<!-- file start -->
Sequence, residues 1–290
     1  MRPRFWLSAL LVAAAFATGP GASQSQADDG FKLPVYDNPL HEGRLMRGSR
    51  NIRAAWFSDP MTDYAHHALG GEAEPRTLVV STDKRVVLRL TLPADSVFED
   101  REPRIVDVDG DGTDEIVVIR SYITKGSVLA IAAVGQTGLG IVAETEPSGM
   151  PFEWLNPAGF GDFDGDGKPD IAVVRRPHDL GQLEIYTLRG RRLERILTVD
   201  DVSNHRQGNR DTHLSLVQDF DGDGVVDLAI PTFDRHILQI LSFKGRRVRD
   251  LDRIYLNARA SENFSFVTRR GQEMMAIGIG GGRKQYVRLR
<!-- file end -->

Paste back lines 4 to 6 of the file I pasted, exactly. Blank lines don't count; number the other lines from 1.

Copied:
   101  REPRIVDVDG DGTDEIVVIR SYITKGSVLA IAAVGQTGLG IVAETEPSGM
   151  PFEWLNPAGF GDFDGDGKPD IAVVRRPHDL GQLEIYTLRG RRLERILTVD
   201  DVSNHRQGNR DTHLSLVQDF DGDGVVDLAI PTFDRHILQI LSFKGRRVRD